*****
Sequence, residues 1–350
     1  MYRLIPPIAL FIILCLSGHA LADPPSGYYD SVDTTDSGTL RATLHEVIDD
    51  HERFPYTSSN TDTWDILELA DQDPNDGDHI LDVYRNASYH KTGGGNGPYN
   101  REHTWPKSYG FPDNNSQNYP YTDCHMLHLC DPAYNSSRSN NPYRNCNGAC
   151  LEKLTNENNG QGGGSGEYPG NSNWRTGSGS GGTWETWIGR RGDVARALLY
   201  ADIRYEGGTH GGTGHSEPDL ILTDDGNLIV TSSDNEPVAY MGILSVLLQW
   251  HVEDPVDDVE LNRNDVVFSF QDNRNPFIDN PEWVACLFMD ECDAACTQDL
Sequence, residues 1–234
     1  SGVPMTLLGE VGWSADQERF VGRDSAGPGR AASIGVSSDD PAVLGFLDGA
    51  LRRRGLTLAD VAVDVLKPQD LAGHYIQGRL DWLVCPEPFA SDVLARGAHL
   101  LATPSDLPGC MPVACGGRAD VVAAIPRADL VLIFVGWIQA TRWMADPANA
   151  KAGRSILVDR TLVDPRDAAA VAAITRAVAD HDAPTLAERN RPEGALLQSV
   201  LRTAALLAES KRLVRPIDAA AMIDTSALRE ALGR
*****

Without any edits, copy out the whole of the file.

Sequence, residues 1–350
     1  MYRLIPPIAL FIILCLSGHA LADPPSGYYD SVDTTDSGTL RATLHEVIDD
    51  HERFPYTSSN TDTWDILELA DQDPNDGDHI LDVYRNASYH KTGGGNGPYN
   101  REHTWPKSYG FPDNNSQNYP YTDCHMLHLC DPAYNSSRSN NPYRNCNGAC
   151  LEKLTNENNG QGGGSGEYPG NSNWRTGSGS GGTWETWIGR RGDVARALLY
   201  ADIRYEGGTH GGTGHSEPDL ILTDDGNLIV TSSDNEPVAY MGILSVLLQW
   251  HVEDPVDDVE LNRNDVVFSF QDNRNPFIDN PEWVACLFMD ECDAACTQDL
Sequence, residues 1–234
     1  SGVPMTLLGE VGWSADQERF VGRDSAGPGR AASIGVSSDD PAVLGFLDGA
    51  LRRRGLTLAD VAVDVLKPQD LAGHYIQGRL DWLVCPEPFA SDVLARGAHL
   101  LATPSDLPGC MPVACGGRAD VVAAIPRADL VLIFVGWIQA TRWMADPANA
   151  KAGRSILVDR TLVDPRDAAA VAAITRAVAD HDAPTLAERN RPEGALLQSV
   201  LRTAALLAES KRLVRPIDAA AMIDTSALRE ALGR